Following the instructions referred to, and in the course of the charge to the jury, the court defined murder in the second degree. It is also contended by appellant that the definitions thus given are inaccurate, and fail to point out clearly and understandingly the distinction between murder in the second degree and manslaughter; that, in reality, the crime defined by the instructions is manslaughter, and not murder in the second degree. Perhaps the instructions are somewhat subject to the criticisms lodged against them, but they are not necessarily erroneous. We do not deem it necessary to set them out or to discuss them in detail. If the distinctions between the two degrees of murder and the crime of manslaughter heretofore pointed out in many decisions of this court are carefully observed, there need be no difficulty in making them clear, explicit, and easy to be understood by the jury. If the intention to take life is formed on a sudden impulse, and immediately executed without deliberation, premeditation, or malice, the crime is not greater than manslaughter. The quotation from Paragraph 16 of the court's instruction set out above was not designed by the court to constitute an accurate definition of either murder in the second degree or manslaughter, nor to differentiate between the two offenses. The statement was prefatory only to what was to follow. The thought obviously in the mind of the court was that, under certain circumstances, where sudden provocation was present, the crime might be murder in the second degree, or manslaughter. The mere presence of passion or heat of blood will not, of itself, reduce the crime to manslaughter (State v. Hunter, 118 Iowa 686); nor is the intent to kill necessarily inconsistent with manslaughter or murder in the second degree. State v. O'Donnell, supra.
The definition subsequently given was intended to make clear the prefatory statement. If discrepancy or inconsistency resulted, it was because the prefatory statement was not more definite and accurate. We doubt if there was such conflict in the statement referred to and the subsequent definitions given to the jury as to have caused prejudice to the defendant. Perfection in the art of instructing juries is seldom possible. There should, however, so far as possible, be the greatest attainable accuracy and precision in the definition of the degrees of crime and of separate offenses. The administration of the criminal law is difficult enough, at best.
VI. Testifying in his own behalf, the defendant claimed that he was so intoxicated at the time of the homicide as to be wholly incapable of forming any intent to commit a crime. He testified that he procured whisky during the afternoon of 6. CRIMINAL the 23d, and that both he and the deceased LAW: imbibed freely of home brew, which they kept on capacity to hand. He testified that he remembered nothing of commit and the homicide, and did not claim that his act was responsibi- the result of sudden provocation; that the lity for defendant and the deceased had more or less of crime: marital difficulties, and drank and quarreled, intoxica- to considerable extent, together. Little tion. testimony except his own and that of Dr. Brown was introduced, to show the degree of the defendant's intoxication. Two of his stepchildren testified as to some of the occurrences . Four shots in all were fired. Two, and possibly three, bullets entered the body of the deceased, and one, the body of the defendant. No weapon except that with which the defendant committed the homicide was found on or about the premises. All of the shots were fired so close to the deceased that the skin was powder-burned. The defendant was not intoxicated at 3 o'clock in the afternoon, nor was he much later in the evening, if at all. Instructions requested by the defendant as to the effect of intoxication as a defense were properly refused. Each paragraph thereof gave too great emphasis to the ability of the defendant to know or determine right from wrong. Partial drunkenness does not make impossible the formation of a criminal intent. To operate as a defense, the intoxication must be so great that the defendant is unable to form a specific intent. State v. Patton, 206 Iowa 1347, 1348, and cases there cited. The instructions given by the court, of which the defendant complains, in effect so advised the jury. The defense of drunkenness is available to the defendant only when the degree of intoxication is so great as to deprive him of the power to form a specific intent. Where this is true, it is available in all cases where the formation of a specific intent to do the act is essential.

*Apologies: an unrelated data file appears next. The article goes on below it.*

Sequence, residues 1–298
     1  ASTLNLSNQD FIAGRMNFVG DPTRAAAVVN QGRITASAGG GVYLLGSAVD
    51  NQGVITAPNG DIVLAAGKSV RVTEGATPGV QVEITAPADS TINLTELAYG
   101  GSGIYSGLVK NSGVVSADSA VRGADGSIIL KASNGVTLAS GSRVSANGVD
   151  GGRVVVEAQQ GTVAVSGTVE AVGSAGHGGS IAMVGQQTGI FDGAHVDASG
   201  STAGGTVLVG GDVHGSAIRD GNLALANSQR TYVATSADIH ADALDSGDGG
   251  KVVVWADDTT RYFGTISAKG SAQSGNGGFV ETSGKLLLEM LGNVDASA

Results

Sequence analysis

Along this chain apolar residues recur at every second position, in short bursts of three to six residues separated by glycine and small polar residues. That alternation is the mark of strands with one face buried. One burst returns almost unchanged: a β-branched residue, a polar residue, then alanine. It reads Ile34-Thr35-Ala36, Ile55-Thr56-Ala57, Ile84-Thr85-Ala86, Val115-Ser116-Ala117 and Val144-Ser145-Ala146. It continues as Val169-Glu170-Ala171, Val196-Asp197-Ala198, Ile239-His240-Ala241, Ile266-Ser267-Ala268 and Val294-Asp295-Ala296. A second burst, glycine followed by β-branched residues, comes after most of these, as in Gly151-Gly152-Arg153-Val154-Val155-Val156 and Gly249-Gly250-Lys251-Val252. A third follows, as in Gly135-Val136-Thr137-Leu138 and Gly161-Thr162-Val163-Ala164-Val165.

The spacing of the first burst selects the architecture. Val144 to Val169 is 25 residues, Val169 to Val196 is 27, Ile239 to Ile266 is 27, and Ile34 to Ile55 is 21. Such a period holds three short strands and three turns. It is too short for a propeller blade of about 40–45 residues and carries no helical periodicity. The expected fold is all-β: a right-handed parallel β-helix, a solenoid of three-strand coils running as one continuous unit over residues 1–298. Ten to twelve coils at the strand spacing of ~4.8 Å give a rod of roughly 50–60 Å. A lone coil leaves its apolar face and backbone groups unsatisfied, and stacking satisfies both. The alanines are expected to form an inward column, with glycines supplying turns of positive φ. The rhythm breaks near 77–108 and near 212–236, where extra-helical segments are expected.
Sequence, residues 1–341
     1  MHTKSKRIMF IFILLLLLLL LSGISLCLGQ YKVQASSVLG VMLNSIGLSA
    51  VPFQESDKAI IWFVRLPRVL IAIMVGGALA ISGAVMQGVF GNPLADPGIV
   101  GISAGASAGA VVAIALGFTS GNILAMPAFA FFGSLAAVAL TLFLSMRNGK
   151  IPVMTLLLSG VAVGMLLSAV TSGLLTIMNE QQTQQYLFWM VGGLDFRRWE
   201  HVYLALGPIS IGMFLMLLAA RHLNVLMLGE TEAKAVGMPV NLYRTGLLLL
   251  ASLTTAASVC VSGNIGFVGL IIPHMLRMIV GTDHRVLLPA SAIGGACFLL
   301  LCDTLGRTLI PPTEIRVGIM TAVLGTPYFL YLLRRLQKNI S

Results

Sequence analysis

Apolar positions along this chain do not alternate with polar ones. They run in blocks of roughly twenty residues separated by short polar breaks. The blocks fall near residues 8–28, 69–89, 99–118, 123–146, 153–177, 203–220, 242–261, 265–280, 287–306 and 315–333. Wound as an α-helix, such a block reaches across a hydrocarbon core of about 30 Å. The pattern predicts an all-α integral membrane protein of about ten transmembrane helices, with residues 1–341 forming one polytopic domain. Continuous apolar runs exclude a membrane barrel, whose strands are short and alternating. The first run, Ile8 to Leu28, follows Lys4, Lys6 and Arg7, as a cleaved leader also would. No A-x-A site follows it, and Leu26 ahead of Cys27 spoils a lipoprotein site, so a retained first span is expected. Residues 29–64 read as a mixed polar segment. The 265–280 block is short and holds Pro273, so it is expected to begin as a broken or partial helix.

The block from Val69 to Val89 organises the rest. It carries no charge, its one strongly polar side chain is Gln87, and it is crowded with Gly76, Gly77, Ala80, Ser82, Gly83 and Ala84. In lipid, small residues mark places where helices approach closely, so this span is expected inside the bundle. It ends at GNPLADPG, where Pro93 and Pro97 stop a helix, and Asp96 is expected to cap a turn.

The particular complaint of counsel is that the instructions given by the court were not sufficiently comprehensive.
What we have said disposes of most of the numerous propositions relied upon by appellant for reversal. The omission to discuss each assignment separately is not because the same has been overlooked, but for the reason that the discussion already indulged sufficiently covers the points. None of the matters complained of are likely to arise upon a retrial of the case. For the error in the instruction placing the burden upon the defendant to establish his alleged peaceable disposition and good character, the judgment below must be, and it is, — Reversed.
All the justices concur, except De GRAFF, J., who takes no part.